The living and bedroom areas are situated on either side of the plunge pool and connected by a glazed corridor, while elsewhere lies a deck offering views of the landscape. The interior decor is tastefully handled throughout and thanks to its open layout and finished walls, Colo Crossings doesn't really resemble a typical container-based house. It has concrete floors and a utilitarian plywood kitchen, while its generous glazing has been situated to frame the view but not unduly heat the interior. The house is warmed by both underfloor heating and a wood-burning stove.

Colo Crossings' generous glazing has been carefully situated to frame the view but not unduly heat the interior
Colo Crossings' generous glazing has been carefully situated to frame the view but not unduly heat the interior

Whenever we cover shipping container-based architecture, we have to mention the frankly terrible performance of the metal boxes in both hot and cold weather. However, Benn + Penna has addressed this by installing lots of insulation.

"The existing sandstone bedrock formed a natural footing which the geotechnical and structural engineers worked with to support the building in an area prone to landslides," explained the firm. "The steel structure anchors into the rock, with exposed members as an expression of the structure; designed to withstand its context for years to come. Internally, concrete flooring and a plywood kitchen nod towards the raw, untampered surrounds. The shipping container walls and the roof are double insulated against the high diurnal range of the area, and a new concrete slab was poured into each container to facilitate thermal mass through multiple north-facing windows."

Colo Crossings gets water from a rainwater collection system and power comes from a solar panel setup, though it also has a grid-based hookup just in case it's needed.

Source: Benn + Penna

View gallery - 8 images
6 comments
6 comments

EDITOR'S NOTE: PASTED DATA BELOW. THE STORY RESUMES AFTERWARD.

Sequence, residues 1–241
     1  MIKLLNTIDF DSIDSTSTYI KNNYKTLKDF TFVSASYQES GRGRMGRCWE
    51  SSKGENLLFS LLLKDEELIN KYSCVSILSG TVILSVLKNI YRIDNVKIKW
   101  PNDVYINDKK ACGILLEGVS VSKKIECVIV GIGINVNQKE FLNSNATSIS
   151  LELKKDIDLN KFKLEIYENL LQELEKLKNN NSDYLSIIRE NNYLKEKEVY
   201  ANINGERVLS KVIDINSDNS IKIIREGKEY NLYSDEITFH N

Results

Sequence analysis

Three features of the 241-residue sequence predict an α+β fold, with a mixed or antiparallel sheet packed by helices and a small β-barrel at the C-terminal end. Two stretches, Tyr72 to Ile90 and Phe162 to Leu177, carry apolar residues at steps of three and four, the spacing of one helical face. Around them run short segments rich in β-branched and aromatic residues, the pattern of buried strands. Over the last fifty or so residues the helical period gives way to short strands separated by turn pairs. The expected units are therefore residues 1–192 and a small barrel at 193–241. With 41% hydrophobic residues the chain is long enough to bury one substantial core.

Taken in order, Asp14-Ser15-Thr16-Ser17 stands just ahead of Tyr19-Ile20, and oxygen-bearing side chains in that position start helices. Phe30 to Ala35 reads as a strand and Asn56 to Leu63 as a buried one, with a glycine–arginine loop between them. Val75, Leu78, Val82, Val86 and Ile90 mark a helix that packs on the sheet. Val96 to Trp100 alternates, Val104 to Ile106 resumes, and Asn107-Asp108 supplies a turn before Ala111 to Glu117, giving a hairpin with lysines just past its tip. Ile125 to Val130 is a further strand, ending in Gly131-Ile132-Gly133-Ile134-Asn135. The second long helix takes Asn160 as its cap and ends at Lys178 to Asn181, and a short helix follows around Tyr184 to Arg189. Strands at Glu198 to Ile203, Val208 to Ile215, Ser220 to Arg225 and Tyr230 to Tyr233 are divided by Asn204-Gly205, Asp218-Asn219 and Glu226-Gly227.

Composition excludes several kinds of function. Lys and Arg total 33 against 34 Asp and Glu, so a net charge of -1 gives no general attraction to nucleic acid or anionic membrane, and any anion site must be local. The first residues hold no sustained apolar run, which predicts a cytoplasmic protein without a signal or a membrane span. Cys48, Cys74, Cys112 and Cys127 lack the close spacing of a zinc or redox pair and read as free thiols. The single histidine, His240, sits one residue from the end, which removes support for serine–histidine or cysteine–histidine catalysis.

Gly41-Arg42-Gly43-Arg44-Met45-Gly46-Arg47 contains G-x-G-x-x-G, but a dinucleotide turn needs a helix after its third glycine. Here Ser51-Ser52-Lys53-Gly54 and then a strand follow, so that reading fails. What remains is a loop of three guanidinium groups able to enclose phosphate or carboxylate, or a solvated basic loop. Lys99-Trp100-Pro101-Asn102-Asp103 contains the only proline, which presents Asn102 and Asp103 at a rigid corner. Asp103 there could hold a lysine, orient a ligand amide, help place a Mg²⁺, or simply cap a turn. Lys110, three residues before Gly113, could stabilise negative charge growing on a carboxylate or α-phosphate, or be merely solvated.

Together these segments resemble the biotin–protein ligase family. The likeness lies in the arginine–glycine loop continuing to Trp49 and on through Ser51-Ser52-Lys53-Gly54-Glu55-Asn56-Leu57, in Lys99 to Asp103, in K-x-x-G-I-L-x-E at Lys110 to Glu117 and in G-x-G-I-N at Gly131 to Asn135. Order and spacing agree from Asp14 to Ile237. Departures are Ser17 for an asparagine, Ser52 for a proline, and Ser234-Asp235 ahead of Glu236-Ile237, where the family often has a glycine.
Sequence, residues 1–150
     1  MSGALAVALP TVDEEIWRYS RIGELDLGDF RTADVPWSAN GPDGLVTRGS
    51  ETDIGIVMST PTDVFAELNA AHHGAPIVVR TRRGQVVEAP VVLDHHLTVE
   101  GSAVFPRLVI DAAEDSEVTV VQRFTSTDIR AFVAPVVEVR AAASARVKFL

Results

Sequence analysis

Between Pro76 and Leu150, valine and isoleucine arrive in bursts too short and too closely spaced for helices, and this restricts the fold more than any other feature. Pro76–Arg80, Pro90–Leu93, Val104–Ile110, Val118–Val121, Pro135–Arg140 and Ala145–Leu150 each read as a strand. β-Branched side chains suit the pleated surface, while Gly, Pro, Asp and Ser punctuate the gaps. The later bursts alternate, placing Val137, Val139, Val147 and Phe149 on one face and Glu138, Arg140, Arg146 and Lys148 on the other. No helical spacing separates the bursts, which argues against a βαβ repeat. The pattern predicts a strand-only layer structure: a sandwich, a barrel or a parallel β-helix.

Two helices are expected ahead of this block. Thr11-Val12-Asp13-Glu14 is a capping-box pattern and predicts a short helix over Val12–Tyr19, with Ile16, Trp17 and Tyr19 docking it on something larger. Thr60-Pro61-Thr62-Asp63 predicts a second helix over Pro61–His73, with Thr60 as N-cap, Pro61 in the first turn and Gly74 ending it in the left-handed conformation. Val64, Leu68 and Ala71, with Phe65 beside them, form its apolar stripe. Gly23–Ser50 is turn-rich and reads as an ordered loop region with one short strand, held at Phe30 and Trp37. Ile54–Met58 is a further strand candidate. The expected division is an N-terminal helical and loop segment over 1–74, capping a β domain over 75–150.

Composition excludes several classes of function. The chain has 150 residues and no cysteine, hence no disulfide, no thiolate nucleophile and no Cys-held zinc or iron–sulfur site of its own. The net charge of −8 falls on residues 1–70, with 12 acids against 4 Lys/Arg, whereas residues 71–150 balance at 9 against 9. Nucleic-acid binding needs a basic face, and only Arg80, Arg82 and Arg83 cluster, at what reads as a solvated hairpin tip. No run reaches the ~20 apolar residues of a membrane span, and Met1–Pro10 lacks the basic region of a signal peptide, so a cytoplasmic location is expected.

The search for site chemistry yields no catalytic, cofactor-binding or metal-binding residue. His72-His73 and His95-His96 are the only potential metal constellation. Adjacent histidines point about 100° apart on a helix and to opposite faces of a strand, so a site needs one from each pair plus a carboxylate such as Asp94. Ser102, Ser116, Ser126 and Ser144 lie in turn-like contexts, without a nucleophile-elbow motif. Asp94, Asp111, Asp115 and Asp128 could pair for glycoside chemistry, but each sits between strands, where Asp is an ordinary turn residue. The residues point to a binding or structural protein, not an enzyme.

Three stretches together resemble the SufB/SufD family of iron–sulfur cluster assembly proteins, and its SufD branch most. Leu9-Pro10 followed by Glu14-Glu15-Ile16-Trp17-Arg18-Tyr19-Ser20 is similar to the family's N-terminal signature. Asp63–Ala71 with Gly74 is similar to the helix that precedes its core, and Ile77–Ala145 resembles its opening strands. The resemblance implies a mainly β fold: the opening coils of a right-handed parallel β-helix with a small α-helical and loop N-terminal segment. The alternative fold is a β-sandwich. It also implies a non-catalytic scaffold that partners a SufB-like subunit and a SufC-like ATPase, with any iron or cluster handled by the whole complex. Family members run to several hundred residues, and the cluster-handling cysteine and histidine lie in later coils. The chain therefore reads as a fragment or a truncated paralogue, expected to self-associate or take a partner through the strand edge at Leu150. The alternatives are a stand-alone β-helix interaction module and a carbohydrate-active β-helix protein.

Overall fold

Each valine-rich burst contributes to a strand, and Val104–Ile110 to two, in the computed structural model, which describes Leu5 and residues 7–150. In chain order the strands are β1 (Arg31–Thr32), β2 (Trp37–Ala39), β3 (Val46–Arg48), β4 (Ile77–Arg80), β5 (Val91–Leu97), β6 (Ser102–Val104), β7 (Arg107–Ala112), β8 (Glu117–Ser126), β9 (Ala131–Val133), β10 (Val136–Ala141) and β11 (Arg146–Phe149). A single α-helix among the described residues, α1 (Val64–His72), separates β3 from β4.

Nobody
Every time I see so many large windows, I think of all the birds flying into them.
EH
Pretty good, especially compared to some other container houses I've seen - though I wonder if there was really any savings to using shipping containers. Many designs don't modify the containers and are pretty terrible. Cutting the panels of a container apart widens the possibilities quite a bit. Using the corrugated sides as leave-in-place forms / reinforcement for concrete floors/ceilings seems like a good idea, for instance. Going the other direction, a house built in a shipping container size that was transportable by standard heavy truck would be interesting.
TpPa
Yes it is a nice build, but I did not see a solar array in any of the picture's, except perhaps one sitting upon the rain collection tank?
Nayehieona
Greetings. The Coli Ceossings Home is
Marvelous! They have captured the essence of my Dream Home.
GOD Bless.
dcris
No pics of the kitchen and bath....ahhhhhh.....it all counts.... amazing what you can do with the shipping containers.... always fun to view.
Trev the Builder
We tried many different approaches to make Container homes work in a cost efficient manner. When one cuts the side out to create an aperture for window or door, joint containers to get width or any modification to the Container it affects its structural integrity and goes like a piece of wet toast and requires fortification with steel. These are limitations in application. In some case it was more efficient to start from scratch. There are a plethora of considerations for application. The construction is more novel than efficient. Cheers